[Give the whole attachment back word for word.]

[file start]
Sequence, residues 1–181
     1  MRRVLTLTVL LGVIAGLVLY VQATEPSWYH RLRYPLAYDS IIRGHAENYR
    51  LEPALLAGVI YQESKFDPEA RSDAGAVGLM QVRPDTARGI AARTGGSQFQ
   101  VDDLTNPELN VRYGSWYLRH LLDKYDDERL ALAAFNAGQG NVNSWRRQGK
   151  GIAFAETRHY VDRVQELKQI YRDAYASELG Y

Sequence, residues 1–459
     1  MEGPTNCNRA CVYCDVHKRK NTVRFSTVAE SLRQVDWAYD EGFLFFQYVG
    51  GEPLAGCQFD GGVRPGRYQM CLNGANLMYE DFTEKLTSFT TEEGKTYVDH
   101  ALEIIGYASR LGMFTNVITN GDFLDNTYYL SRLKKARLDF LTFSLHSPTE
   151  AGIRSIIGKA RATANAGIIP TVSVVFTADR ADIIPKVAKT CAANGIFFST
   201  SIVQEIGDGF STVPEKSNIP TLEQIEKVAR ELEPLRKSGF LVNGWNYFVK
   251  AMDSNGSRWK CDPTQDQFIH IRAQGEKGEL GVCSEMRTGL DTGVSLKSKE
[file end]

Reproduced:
Sequence, residues 1–181
     1  MRRVLTLTVL LGVIAGLVLY VQATEPSWYH RLRYPLAYDS IIRGHAENYR
    51  LEPALLAGVI YQESKFDPEA RSDAGAVGLM QVRPDTARGI AARTGGSQFQ
   101  VDDLTNPELN VRYGSWYLRH LLDKYDDERL ALAAFNAGQG NVNSWRRQGK
   151  GIAFAETRHY VDRVQELKQI YRDAYASELG Y

Sequence, residues 1–459
     1  MEGPTNCNRA CVYCDVHKRK NTVRFSTVAE SLRQVDWAYD EGFLFFQYVG
    51  GEPLAGCQFD GGVRPGRYQM CLNGANLMYE DFTEKLTSFT TEEGKTYVDH
   101  ALEIIGYASR LGMFTNVITN GDFLDNTYYL SRLKKARLDF LTFSLHSPTE
   151  AGIRSIIGKA RATANAGIIP TVSVVFTADR ADIIPKVAKT CAANGIFFST
   201  SIVQEIGDGF STVPEKSNIP TLEQIEKVAR ELEPLRKSGF LVNGWNYFVK
   251  AMDSNGSRWK CDPTQDQFIH IRAQGEKGEL GVCSEMRTGL DTGVSLKSKE